Image Source: POPSUGAR Photography / Benjamin Stone
I’ve always been a little different. Not “cool” different, like the Victoria’s Secret models who talk about how they got teased about their height in middle school, but different in a weird way, like a 12-year-old with a sweating problem who won’t shut up about her favorite ferret at the pet store. When I wasn’t talking about my furry friend, I was pretty quiet. Making friends was never easy. I stayed in a lot. I didn’t raise my hand in class. I poured my feelings into Lisa Frank journals but remained tight-lipped when my mom asked how school was. Most of the signatures on my yearbook read something along the lines of the sterile “You seem cool.” Or even worse, the impersonal “HAGS.” (That means “Have a great Summer,” addressed to someone who’s not worth writing the full phrase out for.)
If school was a drag, I found solace at the hair salon. Though my mother forbid me from changing the color of my hair at the time, cutting it was fair game. I’ve gotten bangs, bobs, lobs, side parts, middle parts, curls, and straightening treatments. I wasn’t just coming for the styling. The salon was a place I wasn’t invisible, where stylists talked to me about boys and dates as if I, a buck-toothed girl wearing a tie-dye wolf shirt, would understand such things. I felt comfortable speaking up and asking for what I wanted from stylists. In turn, they celebrated who I was.
The first time I ever felt beautiful was when a stylist named Kaitlyn parted the long side bangs that swept over most of my face straight down the middle. “There you are,” she said. “Now we can see that fine face of yours.” It was the first time my own reflection ever made me smile. As I changed my hair around, I attracted different friends. They got to know me because of the look I was projecting, but they stayed friends with me for the person I actually was. I began to discover more about the person I was inside by experimenting with my physical appearance.
Years later, I got a job writing for POPSUGAR. I was 22, just out of college, and I punctuated my invitation into beautyland with my first-ever double process hair color. Much to my mother’s chagrin (she insists that it took 10 years off of her life), my brown hair transformed from a cocoon of toner as an acid-wash denim color. Forgive the heavy-handed butterfly metaphor, but damn if I didn’t feel as though I’d blossomed the second I stepped out of the salon. “People are going to come up to you in public now that you’ve lightened your hair,” my colorist Jeanise said. I could not anticipate how true her words would be.
Image Source: POPSUGAR Photography / Alaina Demopoulos
It’s been about 10 months, or around 305 days, since I first had denim hair. Since then, it’s been sky blue, platinum blond, pastel gray, and light purple. Nearly every one of those days, a woman on the street has come up to me to start a conversation about my hair color. Sometimes she’ll tap me on the shoulder or give a little wave. “Sorry to bother you,” the woman usually starts. “I just want you to know, I love your hair. Have a nice day.” Then she’ll be off, one of the hundred people who just exited a subway train, disappeared onto a crowded street, or left a bar bathroom to return to her friends.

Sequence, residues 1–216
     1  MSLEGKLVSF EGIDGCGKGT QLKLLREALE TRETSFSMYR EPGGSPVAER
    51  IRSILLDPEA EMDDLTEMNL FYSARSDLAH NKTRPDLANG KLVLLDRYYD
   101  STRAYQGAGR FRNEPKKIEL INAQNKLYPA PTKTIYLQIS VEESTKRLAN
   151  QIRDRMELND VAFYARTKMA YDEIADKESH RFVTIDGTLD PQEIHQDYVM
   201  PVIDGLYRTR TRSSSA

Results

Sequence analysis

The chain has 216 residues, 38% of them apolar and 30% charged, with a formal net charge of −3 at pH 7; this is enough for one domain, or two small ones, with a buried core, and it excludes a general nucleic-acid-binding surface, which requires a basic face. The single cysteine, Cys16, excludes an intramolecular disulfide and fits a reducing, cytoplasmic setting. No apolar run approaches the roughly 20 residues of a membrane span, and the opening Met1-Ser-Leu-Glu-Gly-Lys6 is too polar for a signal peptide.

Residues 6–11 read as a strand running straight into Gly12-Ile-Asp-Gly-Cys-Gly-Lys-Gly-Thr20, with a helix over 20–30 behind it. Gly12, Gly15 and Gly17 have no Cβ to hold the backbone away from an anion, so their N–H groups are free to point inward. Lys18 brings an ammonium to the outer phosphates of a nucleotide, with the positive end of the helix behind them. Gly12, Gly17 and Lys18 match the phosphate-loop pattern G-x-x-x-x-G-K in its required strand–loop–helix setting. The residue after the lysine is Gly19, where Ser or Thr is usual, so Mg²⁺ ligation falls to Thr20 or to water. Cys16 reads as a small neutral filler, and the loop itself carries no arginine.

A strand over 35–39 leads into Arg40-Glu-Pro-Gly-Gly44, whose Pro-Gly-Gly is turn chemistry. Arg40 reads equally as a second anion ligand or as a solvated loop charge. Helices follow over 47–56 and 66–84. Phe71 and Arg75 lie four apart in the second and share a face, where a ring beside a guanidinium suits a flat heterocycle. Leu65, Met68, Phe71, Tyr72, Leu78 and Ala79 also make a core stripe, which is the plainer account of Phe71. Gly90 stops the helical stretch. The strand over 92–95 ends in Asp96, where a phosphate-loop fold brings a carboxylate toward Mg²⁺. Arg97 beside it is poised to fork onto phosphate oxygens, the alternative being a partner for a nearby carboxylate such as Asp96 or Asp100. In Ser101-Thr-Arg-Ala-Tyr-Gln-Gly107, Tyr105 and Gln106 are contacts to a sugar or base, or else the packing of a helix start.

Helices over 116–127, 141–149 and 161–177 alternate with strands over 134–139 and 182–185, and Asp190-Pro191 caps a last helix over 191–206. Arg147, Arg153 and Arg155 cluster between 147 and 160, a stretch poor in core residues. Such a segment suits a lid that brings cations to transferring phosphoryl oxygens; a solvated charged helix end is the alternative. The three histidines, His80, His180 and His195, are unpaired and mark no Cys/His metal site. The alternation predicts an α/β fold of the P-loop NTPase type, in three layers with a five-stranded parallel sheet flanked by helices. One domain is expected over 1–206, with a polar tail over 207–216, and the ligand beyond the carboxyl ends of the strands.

It’s never the same type of woman, either. Sometimes, she’s 60, holding onto the little hand of a grandchild. Or she’ll be the grandchild, nervously stuttering the compliment to a stranger her mother sanctioned was OK to talk to. She’s black, white, Latinx, Asian, or mixed race. She’s gay, holding hands with an SO. She’s a transgender woman, just starting to grow out her hair. It’s her first day in the city. Whoever she is, she’s a woman in a city of nine million people who usually keep to themselves. She’s breaking a courteous social code to let me know that while I may be alone in that moment, I’m never lonely.
Often, she’ll ask why I colored my hair – which, for the longest time, I didn’t have a good answer to. So many emotions were mixed up in my hair color that when it came time to express them, I reverted back into my 12-year-old mumbling self, spitting out a slew of garbage that didn’t really make sense. Then I spoke with my colorist Liz, who also has rainbow hair. “I just don’t feel comfortable unless one part of me is ‘off,'” she once said while painting bleach on my roots. “There’s something inside of me that’s strange and different, and I don’t feel right unless that’s reflected on me physically.”
Make no mistake: I’m still awkward as hell. Maybe you are, too. But thankfully, part of growing up is embracing the ferret-loving freak that lives inside of you. I used to be quiet because I was afraid that might come off as weird. Now, I have a head of carrot-orange hair, because you’re damn right that I am.
How My Dad Taught Me to Be Fearless With My Hair